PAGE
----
Woman in Focus: Jessie Tarbox Beals

Had she never laid her eyes on a camera, Jessie Tarbox Beals might have made a life as a teacher. In 1887, at the age of seventeen, she had just moved from her home of Ontario, Canada to pursue a teaching job in Williamsburg, Massachusetts.1 The daughter of a successful sewing machine manufacturer who had… Read more →

Architecting a “New Normal”? Past Pandemics and the Medicine of Urban Planning

COVID-19 isn’t going anywhere. Months into the global pandemic, when many parts of the world have entered a second wave of outbreaks, health experts have cautioned the need for a “new normal” in which medical precautions guide most of our daily activities. Since cities have been hit hardest by the pandemic, policymakers have begun discussing… Read more →

Fresh to Death: African Americans and RIP T-Shirts

My 28-year-old nephew, Willie Lee “Chill” Oglesby, Jr., was murdered on November 8, 2017. One of the first things that his mother and my sister, Aleta (affectionately called “Snooky”), did was to commission Novel T’s to create 44 official RIP (Rest in Peace) T-shirts. As ritualized mourning wear, all of Willie’s immediate and extended kin,… Read more →

Weaponizing Weakness, Diagnosing by Gif

We’ve all seen the clips from President Trump’s commencement speech at the United States Military Academy on June 13. One clip of Trump drinking lasts approximately three seconds, while another of him walking down a ramp lasts 15 seconds. In no time, then, the truth is out: Trump is not well. The evidence can be… Read more →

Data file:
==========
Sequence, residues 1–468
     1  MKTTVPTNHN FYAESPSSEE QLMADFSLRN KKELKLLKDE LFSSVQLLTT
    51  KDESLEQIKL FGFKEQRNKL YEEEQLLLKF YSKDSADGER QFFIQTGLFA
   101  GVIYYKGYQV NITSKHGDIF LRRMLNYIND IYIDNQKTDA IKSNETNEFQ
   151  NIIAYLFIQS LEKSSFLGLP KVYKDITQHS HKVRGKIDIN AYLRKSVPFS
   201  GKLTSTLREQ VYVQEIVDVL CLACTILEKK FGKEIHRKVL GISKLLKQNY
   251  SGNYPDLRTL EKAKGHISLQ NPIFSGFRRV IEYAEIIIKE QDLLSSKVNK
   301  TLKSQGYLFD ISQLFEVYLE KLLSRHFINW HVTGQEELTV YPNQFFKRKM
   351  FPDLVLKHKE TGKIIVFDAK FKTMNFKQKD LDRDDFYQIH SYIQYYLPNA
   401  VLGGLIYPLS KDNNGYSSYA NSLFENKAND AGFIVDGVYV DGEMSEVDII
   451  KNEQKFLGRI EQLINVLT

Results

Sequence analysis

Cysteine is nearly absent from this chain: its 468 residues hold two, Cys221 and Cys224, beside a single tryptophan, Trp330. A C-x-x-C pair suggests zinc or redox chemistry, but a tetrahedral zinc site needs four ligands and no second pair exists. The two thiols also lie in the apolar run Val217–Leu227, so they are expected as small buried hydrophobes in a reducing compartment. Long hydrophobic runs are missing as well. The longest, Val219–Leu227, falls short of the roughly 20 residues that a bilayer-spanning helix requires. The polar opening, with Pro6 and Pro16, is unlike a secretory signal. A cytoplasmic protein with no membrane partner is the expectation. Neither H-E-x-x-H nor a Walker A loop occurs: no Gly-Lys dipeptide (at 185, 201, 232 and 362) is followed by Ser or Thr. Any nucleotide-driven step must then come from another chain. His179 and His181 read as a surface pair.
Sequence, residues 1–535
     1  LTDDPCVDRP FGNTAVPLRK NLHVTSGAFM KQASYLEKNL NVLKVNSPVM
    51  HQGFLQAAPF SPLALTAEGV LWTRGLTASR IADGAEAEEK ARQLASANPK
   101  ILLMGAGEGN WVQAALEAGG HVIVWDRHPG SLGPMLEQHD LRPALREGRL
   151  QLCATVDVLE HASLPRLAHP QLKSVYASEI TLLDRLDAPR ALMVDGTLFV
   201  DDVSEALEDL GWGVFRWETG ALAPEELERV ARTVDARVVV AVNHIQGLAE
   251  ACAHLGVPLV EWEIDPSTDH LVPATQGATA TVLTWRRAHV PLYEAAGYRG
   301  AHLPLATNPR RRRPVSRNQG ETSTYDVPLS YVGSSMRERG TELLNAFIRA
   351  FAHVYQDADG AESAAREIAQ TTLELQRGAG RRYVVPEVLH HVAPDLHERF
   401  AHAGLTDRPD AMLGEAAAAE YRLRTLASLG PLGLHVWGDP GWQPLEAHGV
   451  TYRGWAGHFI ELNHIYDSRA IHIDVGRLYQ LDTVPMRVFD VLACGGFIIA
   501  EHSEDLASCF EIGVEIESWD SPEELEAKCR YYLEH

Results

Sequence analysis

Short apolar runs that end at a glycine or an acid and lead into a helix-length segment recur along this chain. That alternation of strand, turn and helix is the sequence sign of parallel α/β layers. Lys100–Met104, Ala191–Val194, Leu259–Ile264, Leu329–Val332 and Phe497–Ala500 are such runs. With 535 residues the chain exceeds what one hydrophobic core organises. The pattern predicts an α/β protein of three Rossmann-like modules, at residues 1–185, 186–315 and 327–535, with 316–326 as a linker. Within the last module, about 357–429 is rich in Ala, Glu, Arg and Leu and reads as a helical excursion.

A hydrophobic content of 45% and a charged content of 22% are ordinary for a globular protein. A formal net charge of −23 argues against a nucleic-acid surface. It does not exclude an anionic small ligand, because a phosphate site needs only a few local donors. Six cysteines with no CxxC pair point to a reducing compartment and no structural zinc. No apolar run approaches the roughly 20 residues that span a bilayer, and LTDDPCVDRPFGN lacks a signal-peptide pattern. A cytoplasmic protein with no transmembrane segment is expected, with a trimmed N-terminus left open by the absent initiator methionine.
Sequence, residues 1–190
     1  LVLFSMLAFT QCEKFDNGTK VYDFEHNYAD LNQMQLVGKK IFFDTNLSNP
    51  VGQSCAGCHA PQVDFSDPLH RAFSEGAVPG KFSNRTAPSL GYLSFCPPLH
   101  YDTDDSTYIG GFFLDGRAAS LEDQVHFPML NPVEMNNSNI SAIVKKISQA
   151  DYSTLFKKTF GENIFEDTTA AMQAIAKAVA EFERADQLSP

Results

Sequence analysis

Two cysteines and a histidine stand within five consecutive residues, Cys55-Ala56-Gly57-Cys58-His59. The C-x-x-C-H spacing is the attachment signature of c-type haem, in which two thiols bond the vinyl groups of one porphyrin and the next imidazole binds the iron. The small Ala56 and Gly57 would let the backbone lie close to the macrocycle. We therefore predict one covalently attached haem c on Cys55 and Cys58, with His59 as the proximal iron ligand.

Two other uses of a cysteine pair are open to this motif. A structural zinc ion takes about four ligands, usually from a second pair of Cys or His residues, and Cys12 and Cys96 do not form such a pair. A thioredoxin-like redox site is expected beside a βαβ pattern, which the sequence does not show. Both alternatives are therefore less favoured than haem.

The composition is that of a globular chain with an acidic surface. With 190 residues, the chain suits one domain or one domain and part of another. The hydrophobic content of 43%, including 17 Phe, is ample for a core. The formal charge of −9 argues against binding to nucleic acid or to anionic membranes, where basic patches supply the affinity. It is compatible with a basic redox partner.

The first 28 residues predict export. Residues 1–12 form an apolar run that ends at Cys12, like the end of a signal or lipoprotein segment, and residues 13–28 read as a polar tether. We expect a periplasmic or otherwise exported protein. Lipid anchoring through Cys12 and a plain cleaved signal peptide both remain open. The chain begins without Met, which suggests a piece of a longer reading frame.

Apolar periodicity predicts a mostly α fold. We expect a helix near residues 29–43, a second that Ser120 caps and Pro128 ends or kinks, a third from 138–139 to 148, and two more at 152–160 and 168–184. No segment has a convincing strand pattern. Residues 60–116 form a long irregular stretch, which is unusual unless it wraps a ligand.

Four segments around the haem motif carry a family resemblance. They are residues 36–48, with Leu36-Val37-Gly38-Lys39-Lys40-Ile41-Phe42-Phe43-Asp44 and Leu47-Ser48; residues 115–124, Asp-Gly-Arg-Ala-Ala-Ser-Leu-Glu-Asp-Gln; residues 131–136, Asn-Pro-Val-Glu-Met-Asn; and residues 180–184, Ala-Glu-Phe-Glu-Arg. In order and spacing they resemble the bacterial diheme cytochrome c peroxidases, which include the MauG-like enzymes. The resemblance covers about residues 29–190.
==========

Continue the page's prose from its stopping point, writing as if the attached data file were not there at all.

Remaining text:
“The Sex Lady Talks”: Disability Rights and the Normalization of Sex in a 1980s Institution

When recreational therapist Lisa Freeman began working in the Dual Diagnosis Unit at Indiana’s Central State Hospital in 1986, she frequently encountered patients having sex in and around the unit.1 Central State was a long-term psychiatric hospital and the Dual Diagnosis Unit (DDU) served patients who had been diagnosed with both mental illness and intellectual… Read more →

Sunday Morning Medicine

A weekly check-up of gender, medicine, and history in the news Jumping for justice. The death of Hannah Fizer. Eugenics as entertainment. Dental cartoons from 1945. Choosing love over eugenics. A brief history of dangerous others. A song that changed music forever. Taylor Swift as history of medicine books. Naming birds and the stain of… Read more →

News from the Dead

On December 14, 1650, 22-year old Anne Greene was led up the gallows in Oxford. She had been charged with infanticide; after sleeping with her employer’s grandson, she gave birth to a child—one she insisted was stillborn—whose body had been found “covered…with dust and rubbish” in the outhouse where she delivered it.1 After praying and… Read more →

Past Practices: A Review of Ruth MacKay’s Life in a Time of Pestilence: The Great Castilian Plague of 1596–1601

Since the COVID-19 pandemic began, a number of historians of medicine and other scholars have written and given interviews about past public health crises. E. Thomas Ewing’s look at how newspapers focused on kissing during the 1918 influenza outbreak suggested that the emphasis on kissing via handkerchief 100 years ago signaled potentially troubling questions for… Read more →

Psychiatry and Homosexuality Draft Exemptions during the Vietnam War

When Bob McIvery reported for his mandatory physical exam to determine if he could be drafted into the Army, the doctor didn’t believe he was gay. Although McIvery, a member of the Gay Liberation Front, had checked the “homosexual tendencies” box on his pre-induction medical form and stated verbally that he was gay, he was… Read more →

Sunday Morning Medicine

A weekly check-up of gender, medicine, and history in the news On sex with demons. Archiving at a distance. Should we kill chivalry?  A history of the raised fist. The post office as public service. The unlikely history of a gay porn landmark. The controversial history behind hurricane names. An old postcard gives clues to… Read more →